Trafigura had chartered the ship carrying the waste, which unloaded the waste in Ivory Coast, after a failure to agree deals to get it treated in the Netherlands and Nigeria.It said it had contracted a local firm, Tommy, to handle the waste in good faith.
In an out-of-court settlement, Trafigura agreed to pay the Ivorian government around $200m (£100m) in one of the largest ever payments of its kind.Thousands of victims say they have yet to receive compensation - or say that what they have been given - around $500 (£250) in the main injury category - falls short of the amount they have lost in medical bills and earnings.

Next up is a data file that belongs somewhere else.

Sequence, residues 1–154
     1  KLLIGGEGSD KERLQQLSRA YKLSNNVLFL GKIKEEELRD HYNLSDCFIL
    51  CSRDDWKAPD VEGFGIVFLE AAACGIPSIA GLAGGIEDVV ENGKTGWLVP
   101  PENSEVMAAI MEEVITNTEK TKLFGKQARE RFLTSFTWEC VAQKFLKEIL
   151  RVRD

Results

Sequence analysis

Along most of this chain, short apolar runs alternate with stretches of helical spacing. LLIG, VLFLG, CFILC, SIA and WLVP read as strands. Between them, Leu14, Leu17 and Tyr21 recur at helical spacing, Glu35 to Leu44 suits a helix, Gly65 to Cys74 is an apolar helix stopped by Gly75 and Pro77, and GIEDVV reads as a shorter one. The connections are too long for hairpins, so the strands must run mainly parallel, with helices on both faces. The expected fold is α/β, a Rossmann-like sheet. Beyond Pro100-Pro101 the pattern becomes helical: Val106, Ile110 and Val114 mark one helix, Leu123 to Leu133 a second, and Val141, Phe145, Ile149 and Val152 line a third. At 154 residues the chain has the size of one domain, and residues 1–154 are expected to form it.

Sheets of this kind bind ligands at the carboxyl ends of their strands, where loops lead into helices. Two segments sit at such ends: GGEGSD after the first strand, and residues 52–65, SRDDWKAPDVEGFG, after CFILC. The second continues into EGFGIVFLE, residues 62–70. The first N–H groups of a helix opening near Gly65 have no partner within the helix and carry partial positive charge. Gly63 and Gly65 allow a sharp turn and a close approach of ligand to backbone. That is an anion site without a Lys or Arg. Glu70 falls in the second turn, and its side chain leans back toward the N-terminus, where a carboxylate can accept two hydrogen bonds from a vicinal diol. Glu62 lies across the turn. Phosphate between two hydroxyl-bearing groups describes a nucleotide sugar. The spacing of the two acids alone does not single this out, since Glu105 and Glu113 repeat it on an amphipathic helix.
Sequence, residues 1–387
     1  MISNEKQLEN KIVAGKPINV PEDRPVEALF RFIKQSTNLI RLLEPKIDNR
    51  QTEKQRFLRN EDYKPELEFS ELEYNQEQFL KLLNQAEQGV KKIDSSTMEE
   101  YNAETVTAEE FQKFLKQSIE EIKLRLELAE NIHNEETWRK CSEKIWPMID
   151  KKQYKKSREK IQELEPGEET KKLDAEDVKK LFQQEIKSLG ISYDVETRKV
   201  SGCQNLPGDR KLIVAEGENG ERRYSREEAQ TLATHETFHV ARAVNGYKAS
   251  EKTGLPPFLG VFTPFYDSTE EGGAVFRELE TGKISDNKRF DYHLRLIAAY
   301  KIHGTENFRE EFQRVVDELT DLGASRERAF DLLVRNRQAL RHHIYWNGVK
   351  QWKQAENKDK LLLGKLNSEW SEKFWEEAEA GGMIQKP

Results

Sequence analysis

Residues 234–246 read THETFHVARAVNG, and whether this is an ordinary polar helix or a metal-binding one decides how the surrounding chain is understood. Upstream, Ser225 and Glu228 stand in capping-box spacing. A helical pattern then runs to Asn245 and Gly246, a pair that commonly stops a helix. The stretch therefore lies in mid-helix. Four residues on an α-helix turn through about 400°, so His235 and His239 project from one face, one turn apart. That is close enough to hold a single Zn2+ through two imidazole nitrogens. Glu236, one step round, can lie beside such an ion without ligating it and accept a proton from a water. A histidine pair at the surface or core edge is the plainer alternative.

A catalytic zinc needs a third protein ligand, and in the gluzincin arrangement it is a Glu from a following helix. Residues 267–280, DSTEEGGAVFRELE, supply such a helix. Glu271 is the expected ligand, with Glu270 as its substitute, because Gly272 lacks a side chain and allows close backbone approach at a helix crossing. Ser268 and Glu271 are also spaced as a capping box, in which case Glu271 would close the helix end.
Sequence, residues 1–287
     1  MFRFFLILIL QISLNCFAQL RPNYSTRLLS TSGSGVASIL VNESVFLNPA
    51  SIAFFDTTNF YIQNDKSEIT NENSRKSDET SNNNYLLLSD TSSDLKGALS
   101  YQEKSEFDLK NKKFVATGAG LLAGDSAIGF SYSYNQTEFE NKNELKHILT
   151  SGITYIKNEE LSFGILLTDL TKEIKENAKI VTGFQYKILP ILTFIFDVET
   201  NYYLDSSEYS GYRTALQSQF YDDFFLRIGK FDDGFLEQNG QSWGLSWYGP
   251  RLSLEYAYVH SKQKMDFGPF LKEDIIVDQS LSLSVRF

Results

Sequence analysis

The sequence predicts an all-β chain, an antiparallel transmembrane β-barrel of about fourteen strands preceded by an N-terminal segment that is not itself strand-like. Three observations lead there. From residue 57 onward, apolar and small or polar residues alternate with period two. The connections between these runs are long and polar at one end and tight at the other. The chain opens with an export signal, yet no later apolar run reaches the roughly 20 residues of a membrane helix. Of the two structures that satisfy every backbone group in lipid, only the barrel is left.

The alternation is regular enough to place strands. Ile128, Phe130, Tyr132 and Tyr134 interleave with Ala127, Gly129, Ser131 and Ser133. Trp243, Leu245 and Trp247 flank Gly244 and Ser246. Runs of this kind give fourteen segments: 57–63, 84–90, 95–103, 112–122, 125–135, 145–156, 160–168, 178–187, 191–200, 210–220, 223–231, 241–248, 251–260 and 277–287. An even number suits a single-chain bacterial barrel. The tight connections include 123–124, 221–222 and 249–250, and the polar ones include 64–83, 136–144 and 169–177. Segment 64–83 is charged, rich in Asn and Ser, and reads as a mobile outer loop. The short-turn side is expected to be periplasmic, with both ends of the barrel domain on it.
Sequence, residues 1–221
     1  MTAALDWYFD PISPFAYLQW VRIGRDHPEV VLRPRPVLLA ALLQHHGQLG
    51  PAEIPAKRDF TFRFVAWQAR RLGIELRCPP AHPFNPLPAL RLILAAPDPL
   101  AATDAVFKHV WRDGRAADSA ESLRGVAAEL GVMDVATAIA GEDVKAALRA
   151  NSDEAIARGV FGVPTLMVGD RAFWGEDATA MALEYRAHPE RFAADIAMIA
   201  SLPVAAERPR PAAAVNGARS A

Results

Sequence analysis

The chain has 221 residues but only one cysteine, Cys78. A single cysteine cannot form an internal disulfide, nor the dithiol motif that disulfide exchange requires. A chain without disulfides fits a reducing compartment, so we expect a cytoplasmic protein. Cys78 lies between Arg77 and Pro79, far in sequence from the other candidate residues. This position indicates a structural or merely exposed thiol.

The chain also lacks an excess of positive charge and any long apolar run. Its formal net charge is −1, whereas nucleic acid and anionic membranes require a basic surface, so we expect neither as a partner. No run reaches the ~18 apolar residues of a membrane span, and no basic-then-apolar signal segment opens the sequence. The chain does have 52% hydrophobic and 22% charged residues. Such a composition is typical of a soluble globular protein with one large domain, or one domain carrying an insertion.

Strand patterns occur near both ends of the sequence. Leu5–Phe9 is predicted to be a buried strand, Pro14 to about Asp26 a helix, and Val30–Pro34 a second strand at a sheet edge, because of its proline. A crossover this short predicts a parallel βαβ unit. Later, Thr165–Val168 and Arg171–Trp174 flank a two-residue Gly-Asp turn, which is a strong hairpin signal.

Trafigura also disputes whether the chemical slops were the cause of the large number of medical cases.The United Nations says the dumping of the 500m tonnes of waste led to at least 16 deaths and more than 100,000 other victims needing medical treatment.
Two years on it is still here.
"After almost two years, these sites have still not been decontaminated and continue to threaten the lives and health of tens of thousands of residents, across different social spectrums in Abidjan.The government has informed me that it does not have the technical capacity to clean up and decontaminate the dumpsites in a timelier manner," he said in a statement."This should be an absolute priority."